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Marine Ecology Progress Series

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Saltmarsh snails (top left) stressed by drought conditions show reduced radula wear and shifts in tooth morphology (e.g. sharper lateral teeth; bottom right), suggesting that fewer resources are invested in maintaining the grazing ap paratus. Climate change is expected to increase drought stress.
Images: K. L. Harris, C. Angelini

Chalifour B, Hoogveld JRH, Derksen-Hooijberg M, Harris KL, Urueña JM, Sawyer WG, van der Heide T, Angelini C


Drought alters the spatial distribution, grazing patterns, and radula morphology of a fungal-farming salt marsh snail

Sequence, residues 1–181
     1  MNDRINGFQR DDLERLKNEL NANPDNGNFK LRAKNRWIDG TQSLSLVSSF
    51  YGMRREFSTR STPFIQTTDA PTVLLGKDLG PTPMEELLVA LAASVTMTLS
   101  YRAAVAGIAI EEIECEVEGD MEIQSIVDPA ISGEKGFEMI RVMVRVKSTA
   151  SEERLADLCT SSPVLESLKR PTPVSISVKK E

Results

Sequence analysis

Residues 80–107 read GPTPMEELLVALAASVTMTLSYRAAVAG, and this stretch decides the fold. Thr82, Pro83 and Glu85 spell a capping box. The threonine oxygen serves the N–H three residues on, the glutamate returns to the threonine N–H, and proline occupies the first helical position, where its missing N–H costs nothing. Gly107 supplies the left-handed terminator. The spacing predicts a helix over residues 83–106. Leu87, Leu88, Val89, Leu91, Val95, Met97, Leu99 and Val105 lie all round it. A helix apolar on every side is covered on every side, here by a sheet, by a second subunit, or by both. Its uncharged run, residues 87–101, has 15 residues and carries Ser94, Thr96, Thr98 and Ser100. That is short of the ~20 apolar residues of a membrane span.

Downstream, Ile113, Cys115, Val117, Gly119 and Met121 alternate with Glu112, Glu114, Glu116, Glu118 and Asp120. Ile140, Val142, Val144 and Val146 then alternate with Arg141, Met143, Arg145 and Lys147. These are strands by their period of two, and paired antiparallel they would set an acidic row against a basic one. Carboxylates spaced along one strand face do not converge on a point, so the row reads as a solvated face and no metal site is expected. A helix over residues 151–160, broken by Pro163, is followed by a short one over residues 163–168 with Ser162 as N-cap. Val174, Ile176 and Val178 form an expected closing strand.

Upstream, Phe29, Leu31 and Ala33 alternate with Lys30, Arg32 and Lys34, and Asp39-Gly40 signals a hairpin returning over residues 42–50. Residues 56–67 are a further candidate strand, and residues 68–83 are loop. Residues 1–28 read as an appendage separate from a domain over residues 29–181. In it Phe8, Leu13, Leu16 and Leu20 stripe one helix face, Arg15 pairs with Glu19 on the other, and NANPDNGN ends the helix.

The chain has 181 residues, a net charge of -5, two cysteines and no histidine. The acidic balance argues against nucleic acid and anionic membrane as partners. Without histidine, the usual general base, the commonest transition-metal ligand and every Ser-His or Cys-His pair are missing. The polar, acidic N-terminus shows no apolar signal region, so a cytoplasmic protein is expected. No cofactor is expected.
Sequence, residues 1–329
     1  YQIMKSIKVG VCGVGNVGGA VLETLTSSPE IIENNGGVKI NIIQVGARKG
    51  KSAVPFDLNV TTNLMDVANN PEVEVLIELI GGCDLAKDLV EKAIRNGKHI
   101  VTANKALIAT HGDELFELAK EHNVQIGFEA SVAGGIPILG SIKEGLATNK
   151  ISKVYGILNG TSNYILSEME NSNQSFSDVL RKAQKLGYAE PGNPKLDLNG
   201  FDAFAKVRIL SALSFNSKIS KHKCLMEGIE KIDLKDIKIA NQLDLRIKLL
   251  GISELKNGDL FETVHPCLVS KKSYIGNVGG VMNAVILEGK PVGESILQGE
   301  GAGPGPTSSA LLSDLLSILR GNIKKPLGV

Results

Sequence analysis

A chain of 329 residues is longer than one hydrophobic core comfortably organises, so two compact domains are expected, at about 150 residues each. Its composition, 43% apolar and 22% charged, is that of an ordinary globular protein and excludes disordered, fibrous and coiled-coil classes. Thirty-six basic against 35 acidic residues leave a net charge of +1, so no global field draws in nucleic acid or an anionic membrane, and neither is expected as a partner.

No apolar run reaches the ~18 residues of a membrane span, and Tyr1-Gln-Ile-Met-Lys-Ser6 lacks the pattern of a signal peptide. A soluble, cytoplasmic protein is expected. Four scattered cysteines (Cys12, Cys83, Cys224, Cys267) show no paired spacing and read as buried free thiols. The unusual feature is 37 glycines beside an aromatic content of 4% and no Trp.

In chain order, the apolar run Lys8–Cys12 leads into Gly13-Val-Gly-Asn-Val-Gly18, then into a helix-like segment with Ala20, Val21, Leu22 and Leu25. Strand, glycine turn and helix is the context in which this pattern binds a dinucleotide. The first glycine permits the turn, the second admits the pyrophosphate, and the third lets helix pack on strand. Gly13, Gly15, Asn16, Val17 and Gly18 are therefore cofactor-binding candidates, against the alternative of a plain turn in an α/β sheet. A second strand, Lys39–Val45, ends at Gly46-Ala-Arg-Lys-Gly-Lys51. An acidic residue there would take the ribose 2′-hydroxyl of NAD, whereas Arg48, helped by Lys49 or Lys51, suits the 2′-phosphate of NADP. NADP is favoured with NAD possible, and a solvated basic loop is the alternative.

Climate change is altering consumer-plant interactions in ecosystems worldwide. Consumers’ response to climate stress can determine whether their effects on plants intensify or relax. Chalifour and co-authors tested how drought stress influences the interaction between a dominant consumer, the fungal-farming periwinkle snail (Littoraria irrorata), and a foundational plant, cordgrass (Spartina alterniflora), in a southeastern US salt marsh. A field experiment manipulating temperature and humidity revealed snails altered their grazing behavior and radula morphology in response to the simulated drought conditions. Snails reduced their grazing behavior, increased their presence on cordgrass stems, and maintained longer radulae with preferentially sharper teeth in lateral or blunter teeth in central areas of the radula, respectively. This study shows consumer responses must be incorporated when considering predicted effects of climate change on consumer-plant interactions.


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